For many, we suspect, the surprising aspect of the headline is that Washington does not have the nation’s highest combined state-local sales tax rate. Nope, just fourth, although the clustering is close, according to the Tax Foundation.
The Tax Foundation reports,
The five states with the highest average combined state and local sales tax rates are Tennessee (9.55 percent), Louisiana (9.52 percent), Arkansas (9.51 percent), Washington (9.23 percent), and Alabama (9.22 percent). The five states with the lowest average combined rates are Alaska (1.76 percent), Hawaii (4.44 percent), Wyoming (5.33 percent), Wisconsin (5.43 percent), and Maine (5.50 percent).
Washington’s not even in the top 5 when the state rate alone is considered.
California has the highest state-level sales tax rate, at 7.25 percent. Four states tie for the second-highest statewide rate, at 7 percent: Indiana, Mississippi, Rhode Island, and Tennessee. The lowest non-zero state-level sales tax is in Colorado, which has a rate of 2.9 percent. Five states follow with 4 percent rates: Alabama, Georgia, Hawaii, New York, and Wyoming.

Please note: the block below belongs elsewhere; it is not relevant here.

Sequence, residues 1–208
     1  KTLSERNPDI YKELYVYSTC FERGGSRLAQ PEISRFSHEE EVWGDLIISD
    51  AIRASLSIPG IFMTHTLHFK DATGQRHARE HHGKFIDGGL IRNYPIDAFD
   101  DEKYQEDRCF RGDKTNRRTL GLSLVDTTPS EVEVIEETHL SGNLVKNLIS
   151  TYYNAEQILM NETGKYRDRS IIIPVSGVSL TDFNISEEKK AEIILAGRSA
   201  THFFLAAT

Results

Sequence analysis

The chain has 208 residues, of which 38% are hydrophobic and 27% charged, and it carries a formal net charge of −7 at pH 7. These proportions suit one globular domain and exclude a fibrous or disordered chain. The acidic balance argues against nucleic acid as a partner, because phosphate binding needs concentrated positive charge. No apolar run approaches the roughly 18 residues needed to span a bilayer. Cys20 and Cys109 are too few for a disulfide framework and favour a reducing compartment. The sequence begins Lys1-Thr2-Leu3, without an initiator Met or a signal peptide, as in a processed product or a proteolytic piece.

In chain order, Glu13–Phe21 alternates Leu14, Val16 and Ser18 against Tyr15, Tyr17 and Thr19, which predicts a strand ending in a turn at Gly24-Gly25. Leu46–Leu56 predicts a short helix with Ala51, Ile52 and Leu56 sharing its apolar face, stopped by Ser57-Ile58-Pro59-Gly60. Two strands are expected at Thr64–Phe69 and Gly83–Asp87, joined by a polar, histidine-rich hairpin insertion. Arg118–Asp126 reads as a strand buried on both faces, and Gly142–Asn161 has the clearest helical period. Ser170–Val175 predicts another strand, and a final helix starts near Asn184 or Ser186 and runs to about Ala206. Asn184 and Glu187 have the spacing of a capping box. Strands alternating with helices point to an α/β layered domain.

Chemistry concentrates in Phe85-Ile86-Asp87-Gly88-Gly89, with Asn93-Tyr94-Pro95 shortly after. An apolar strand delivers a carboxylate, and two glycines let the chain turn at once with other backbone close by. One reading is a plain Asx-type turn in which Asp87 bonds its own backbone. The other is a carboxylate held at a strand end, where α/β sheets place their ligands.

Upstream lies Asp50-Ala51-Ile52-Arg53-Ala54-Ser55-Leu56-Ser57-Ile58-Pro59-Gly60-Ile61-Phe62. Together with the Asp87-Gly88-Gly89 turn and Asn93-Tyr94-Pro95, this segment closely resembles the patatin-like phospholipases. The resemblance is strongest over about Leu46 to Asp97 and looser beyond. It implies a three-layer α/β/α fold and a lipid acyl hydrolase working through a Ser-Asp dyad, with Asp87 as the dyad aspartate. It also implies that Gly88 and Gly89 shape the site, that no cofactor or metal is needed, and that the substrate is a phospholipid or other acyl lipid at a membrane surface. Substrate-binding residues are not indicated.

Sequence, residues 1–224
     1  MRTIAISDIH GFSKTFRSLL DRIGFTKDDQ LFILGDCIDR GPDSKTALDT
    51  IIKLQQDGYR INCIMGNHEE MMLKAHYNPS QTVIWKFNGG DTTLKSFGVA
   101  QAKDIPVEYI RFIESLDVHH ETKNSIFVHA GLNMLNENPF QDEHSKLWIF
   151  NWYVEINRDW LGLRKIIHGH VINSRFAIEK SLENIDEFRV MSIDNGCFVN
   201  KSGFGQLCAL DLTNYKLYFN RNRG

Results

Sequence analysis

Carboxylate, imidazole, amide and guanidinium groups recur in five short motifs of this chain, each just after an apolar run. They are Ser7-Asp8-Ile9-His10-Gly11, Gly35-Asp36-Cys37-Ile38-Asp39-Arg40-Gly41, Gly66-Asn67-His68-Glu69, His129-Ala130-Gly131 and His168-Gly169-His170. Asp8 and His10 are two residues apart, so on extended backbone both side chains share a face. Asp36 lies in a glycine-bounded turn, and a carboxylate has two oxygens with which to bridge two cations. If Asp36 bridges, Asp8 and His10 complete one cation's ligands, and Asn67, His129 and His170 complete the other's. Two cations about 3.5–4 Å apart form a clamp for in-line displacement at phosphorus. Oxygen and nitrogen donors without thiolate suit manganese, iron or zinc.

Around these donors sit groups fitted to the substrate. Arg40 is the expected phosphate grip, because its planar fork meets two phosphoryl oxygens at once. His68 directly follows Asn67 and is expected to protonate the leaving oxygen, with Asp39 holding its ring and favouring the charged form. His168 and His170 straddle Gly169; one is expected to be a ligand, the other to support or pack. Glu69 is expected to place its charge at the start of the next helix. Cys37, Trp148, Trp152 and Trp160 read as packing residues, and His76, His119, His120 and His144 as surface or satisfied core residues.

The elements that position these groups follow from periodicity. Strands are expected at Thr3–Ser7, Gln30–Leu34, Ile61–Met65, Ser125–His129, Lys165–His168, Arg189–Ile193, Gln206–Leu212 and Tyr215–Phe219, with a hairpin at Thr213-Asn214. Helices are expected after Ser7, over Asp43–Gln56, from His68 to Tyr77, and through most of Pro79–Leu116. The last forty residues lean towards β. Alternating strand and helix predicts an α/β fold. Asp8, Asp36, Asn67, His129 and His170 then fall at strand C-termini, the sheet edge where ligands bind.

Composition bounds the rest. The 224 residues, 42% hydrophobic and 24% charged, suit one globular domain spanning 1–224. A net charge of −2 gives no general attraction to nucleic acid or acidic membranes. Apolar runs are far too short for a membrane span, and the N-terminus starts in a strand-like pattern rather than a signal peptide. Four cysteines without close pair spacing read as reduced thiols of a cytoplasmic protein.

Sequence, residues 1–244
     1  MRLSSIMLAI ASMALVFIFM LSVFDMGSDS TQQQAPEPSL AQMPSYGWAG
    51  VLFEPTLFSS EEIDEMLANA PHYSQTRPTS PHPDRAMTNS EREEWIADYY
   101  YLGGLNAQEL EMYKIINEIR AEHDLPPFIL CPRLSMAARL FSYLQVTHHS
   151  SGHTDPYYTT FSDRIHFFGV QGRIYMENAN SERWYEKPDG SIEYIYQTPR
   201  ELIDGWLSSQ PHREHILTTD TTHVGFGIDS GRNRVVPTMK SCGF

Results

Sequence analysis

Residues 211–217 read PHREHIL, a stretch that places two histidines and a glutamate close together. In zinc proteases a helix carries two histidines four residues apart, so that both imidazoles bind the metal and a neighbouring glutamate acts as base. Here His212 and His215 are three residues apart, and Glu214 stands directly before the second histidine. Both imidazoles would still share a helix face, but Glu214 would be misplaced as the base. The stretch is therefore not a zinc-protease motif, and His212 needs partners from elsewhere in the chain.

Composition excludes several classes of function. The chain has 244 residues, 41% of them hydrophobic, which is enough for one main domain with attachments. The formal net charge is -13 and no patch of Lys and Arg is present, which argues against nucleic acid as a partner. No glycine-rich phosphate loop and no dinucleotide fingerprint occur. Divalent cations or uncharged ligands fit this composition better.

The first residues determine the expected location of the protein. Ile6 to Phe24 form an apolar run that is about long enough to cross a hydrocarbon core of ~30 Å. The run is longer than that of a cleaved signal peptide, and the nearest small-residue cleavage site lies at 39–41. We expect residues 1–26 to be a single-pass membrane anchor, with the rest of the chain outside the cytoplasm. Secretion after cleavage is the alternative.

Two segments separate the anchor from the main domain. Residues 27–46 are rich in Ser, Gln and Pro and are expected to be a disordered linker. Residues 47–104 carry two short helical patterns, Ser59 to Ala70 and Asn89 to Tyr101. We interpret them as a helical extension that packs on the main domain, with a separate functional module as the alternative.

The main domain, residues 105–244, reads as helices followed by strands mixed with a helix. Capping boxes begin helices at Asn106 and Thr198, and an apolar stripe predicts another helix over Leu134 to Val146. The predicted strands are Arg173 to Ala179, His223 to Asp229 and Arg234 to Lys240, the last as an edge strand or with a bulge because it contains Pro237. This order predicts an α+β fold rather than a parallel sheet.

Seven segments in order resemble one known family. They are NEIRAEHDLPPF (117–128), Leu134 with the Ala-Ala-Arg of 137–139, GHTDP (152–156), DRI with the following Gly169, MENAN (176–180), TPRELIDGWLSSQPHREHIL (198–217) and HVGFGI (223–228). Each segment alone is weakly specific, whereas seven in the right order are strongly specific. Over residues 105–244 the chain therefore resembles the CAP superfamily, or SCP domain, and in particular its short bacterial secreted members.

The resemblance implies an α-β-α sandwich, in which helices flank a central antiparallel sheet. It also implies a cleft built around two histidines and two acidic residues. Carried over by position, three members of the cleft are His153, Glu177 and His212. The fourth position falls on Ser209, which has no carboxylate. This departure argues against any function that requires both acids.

Washington’s 6.5% state rate ranks 9th. California’s top ranking may surprise those that think income taxes equate with lower sales tax rates.
TF analyst Janelle Cammenga reminds us of some of the positive policy attributes of the sales tax.
Retail sales taxes are one of the more transparent ways to collect tax revenue. While graduated income tax rates and brackets are complex and confusing to many taxpayers, sales taxes are easier to understand; consumers can see their tax burden printed directly on their receipts.
Way back in 2002, the Washington State Tax Structure Study Committee found that consumers reported consumers generally thought the sales tax was the fairest tax.
Surveys of individuals in other states find that the sales tax is perceived to be the most equitable tax by a majority of survey respondents.
Something to keep in mind in the coming weeks.